Russia parliament elections: How the parties line up


Russians go to the polls on Sunday in a parliamentary election which is expected to deliver a much reduced majority for the ruling United Russia party.

BBC Monitoring profiles the seven parties seeking to win seats in the lower house of parliament, the State Duma.

United Russia

United Russia, chaired by Prime Minister Vladimir Putin, is Russia's ruling party and has dominated national and regional legislatures for the best part of a decade.

Image caption,
United Russia is expected to dominate the new State Duma

The party currently controls 315 of the 450 seats in the State Duma, which gives it the two-thirds majority it needs to pass changes to the Russian constitution if required.

United Russia is unflinching in its support of the Kremlin, and of Mr Putin personally. Russia's prime minister has accepted the party's nomination to run for president next year, while the current president, Dmitry Medvedev, has agreed to be the party's top parliamentary candidate.

Mr Medvedev is expected to take over as prime minister after the presidential election, in what is effectively a job swap with Mr Putin.

The party advocates political and socio-economic stability and the revival of Russia's status as a superpower. It describes itself as centrist and conservative, basing its ideology on traditional Russian values and the notion of Russia's unique identity.

Communist Party of the Russian Federation (CPRF)

The CPRF, the ideological successor to the Communist Party of the Soviet Union, is by far the biggest and most popular left-wing party in Russia.

Image caption,
Mr Zyuganov has led the Communists since 1993

Led by Gennady Zyuganov since it was founded in 1993, the party has the second largest number of MPs in the State Duma, with 57.

The CPRF draws much of its support from older and middle-aged working-class people and pensioners, especially in rural areas, although it has recently been making a concerted effort to recruit younger activists and voters as well. The party still uses Soviet-era rhetoric to condemn capitalism, and places a strong focus on Russian identity and patriotism.

Liberal Democratic Party of Russia (LDPR)

The LDPR is the third largest party in the lower house, with 40 MPs, and is led by one of the great survivors of Russian politics, populist firebrand Vladimir Zhirinovsky.

The party does not tend to criticise either Mr Putin or Mr Medvedev explicitly.

Image caption,
Vladimir Zhirinovsky's Liberal Democratic Party is openly anti-Western

The LDPR is essentially a political vehicle for Mr Zhirinovsky, whose views have changed over the years but can broadly be described as populist.

In the run-up to this election, the party has been highlighting the need to defend the interests of ethnic Russians, although it has generally been careful not to cross the line into openly nationalist rhetoric.

It describes itself as the only truly right-wing party in Russia, supports a strong state, campaigns against "the erosion of state and morality" and is openly anti-Western.

LDPR's main supporters are mostly lower-income men, predominantly from small towns and rural areas.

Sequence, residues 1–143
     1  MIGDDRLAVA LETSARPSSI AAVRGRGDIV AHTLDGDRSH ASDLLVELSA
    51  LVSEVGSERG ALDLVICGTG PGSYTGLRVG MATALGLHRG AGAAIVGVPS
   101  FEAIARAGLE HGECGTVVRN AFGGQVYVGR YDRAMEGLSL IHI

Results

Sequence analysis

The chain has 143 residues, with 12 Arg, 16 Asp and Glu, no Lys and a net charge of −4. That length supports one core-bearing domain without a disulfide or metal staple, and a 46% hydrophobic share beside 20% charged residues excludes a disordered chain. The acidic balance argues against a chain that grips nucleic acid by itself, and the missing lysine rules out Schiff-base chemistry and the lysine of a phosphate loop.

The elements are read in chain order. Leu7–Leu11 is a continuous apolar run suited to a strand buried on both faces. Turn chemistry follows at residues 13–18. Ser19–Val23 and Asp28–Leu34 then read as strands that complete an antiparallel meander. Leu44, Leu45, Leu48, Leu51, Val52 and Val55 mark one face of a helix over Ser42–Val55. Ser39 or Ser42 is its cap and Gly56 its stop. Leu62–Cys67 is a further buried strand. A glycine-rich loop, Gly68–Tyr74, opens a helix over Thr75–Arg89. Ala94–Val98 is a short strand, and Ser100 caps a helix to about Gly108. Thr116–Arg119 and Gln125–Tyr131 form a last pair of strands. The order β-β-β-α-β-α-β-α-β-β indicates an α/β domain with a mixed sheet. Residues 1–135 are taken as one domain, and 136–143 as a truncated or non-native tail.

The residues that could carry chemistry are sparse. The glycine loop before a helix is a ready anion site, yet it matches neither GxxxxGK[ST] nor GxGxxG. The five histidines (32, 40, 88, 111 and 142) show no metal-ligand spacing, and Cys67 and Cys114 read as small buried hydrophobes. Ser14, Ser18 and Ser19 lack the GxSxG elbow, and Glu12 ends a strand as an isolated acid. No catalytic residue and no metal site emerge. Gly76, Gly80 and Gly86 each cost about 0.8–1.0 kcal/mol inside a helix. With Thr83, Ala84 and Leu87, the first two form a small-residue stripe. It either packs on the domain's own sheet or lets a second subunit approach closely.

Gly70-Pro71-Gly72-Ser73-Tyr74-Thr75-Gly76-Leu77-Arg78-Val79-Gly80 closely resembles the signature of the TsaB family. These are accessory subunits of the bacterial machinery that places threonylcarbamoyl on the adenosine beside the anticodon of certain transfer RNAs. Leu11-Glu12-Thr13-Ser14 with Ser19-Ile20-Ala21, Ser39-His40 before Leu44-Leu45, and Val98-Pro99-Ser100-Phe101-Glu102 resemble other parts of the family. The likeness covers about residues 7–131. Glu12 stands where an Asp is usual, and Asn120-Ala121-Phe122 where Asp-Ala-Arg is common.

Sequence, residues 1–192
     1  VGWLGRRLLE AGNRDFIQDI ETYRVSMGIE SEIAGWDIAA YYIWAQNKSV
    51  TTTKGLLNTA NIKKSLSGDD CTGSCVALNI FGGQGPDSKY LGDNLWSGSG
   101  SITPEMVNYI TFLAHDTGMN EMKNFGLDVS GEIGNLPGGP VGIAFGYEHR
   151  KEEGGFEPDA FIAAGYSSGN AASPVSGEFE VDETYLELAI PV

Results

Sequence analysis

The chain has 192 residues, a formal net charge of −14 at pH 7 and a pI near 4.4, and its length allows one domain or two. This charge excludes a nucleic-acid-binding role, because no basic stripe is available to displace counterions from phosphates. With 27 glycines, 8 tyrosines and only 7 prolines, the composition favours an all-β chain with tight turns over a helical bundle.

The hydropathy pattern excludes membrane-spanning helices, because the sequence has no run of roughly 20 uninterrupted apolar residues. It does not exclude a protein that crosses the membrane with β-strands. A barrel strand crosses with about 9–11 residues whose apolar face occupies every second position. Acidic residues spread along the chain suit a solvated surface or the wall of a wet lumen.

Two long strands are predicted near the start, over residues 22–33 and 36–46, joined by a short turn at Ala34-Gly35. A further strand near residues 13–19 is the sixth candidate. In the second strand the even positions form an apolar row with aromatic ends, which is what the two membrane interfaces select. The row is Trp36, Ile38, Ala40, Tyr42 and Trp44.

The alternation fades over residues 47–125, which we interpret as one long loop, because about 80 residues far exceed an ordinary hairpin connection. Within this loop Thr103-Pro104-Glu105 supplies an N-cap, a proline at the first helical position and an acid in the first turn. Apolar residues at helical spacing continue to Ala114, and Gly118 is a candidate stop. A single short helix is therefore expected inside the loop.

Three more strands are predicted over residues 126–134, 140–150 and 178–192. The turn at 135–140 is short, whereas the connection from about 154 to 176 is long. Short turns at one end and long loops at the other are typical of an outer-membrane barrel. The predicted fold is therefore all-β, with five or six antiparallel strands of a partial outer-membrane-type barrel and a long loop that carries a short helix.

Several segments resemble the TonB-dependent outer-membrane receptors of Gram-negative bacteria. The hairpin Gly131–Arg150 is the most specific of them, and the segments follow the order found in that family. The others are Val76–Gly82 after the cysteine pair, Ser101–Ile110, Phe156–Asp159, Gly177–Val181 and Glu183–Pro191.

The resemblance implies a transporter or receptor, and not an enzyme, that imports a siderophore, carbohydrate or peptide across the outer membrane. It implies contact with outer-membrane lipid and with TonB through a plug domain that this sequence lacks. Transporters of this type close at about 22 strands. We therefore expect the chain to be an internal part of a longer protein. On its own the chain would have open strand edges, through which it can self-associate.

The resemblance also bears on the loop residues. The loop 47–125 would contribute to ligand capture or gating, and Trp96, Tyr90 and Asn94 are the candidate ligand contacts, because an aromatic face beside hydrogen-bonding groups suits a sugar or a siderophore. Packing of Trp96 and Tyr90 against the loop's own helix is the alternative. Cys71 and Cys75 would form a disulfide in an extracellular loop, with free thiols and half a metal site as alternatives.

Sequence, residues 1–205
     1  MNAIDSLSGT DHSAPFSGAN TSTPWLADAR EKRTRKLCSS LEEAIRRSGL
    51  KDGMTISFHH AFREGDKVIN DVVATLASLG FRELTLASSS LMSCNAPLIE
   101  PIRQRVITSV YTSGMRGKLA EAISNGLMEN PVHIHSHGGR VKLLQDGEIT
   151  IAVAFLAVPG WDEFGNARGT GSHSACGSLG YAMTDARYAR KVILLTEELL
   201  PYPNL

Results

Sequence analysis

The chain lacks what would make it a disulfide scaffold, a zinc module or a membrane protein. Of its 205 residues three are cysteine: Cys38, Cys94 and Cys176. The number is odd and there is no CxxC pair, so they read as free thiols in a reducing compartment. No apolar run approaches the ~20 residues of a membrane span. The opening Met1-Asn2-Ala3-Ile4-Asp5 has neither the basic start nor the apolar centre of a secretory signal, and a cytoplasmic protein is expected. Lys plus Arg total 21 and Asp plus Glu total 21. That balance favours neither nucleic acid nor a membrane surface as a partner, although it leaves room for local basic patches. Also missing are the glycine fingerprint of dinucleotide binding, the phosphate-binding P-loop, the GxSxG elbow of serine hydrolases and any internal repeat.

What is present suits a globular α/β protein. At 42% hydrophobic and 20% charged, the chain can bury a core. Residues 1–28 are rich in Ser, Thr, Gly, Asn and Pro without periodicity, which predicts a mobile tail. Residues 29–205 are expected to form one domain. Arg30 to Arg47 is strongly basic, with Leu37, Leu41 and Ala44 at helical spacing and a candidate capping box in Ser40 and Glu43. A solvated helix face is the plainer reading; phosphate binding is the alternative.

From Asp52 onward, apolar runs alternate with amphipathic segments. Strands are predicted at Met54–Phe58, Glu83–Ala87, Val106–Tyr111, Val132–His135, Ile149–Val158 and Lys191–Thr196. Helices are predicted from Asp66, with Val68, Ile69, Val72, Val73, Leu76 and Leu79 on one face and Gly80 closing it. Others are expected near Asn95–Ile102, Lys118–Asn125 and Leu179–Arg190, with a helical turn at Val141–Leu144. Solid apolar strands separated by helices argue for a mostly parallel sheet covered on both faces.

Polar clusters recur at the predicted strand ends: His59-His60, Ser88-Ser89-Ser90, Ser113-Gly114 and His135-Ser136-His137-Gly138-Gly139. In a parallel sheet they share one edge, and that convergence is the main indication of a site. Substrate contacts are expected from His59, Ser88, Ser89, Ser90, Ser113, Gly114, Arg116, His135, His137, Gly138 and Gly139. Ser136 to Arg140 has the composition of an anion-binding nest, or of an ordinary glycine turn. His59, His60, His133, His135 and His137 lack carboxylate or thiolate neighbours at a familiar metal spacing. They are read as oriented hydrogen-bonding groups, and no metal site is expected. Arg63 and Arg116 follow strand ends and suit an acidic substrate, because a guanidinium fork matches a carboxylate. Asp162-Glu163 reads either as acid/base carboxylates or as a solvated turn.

A Just Russia

A Just Russia is currently the smallest of the four parliamentary groups in the State Duma, with 38 MPs.

Led by the former speaker of the upper house, Sergei Mironov, it was set up in 2006 as a social democratic counterweight to United Russia with the apparent involvement of the Kremlin, but it has recently suffered a series of setbacks which have put its future in doubt.

Image caption,
Sergei Mironov (C) has become a fierce opponent of United Russia

A Just Russia uses moderate left-wing slogans promoting social justice, order and stability. Traditionally supportive of both Mr Medvedev and Mr Putin, the party has recently been repositioning itself as a fierce opponent of United Russia.

Mr Mironov was one of a number of members of the Duma who remained seated when Mr Putin visited the lower house of parliament earlier this month.


Once one of the standard-bearers of the pro-democracy camp in Russia, Yabloko has long since fallen from prominence. The party has kept a relatively low profile in recent years, mainly taking part in various human rights, environmental and anti-corruption protests and campaigns. It currently has no representation in parliament.

Yabloko's ideology is a mix of liberalism and social democracy. It promotes democratic values and human rights and is generally in favour of a market economy.

The party's first leader and co-founder, Grigory Yavlinsky, has come out of political semi-retirement to head its list of election candidates. The party is supported mainly by urban liberal intellectuals.

Right Cause

Right Cause is the newest of Russia's registered parties, set up following the last parliamentary election in 2007. It was briefly headed by one of Russia's richest men, industrialist Mikhail Prokhorov, but following his ousting as party leader in September 2011, it has slid from public view.

Right Cause portrays itself as the only recognised liberal centre-right force in Russia, and advocates a reduction in the size of the public sector. Right Cause also sets itself apart by adopting a clear pro-Western stance; its election manifesto includes a pledge to launch a bid for EU membership.

Right Cause's voters are mainly well-educated businessmen and private sector employees.

Patriots of Russia

Founded and led by Gennady Semigin, a businessman and former member of the CPRF, Patriots of Russia has never had any parliamentary representation. The party was set up as a modern alternative to the CPRF, and its ideology and platform includes a mix of patriotism, socialism and belief in the benefits of a strong state.

The party has never enjoyed significant popular support.

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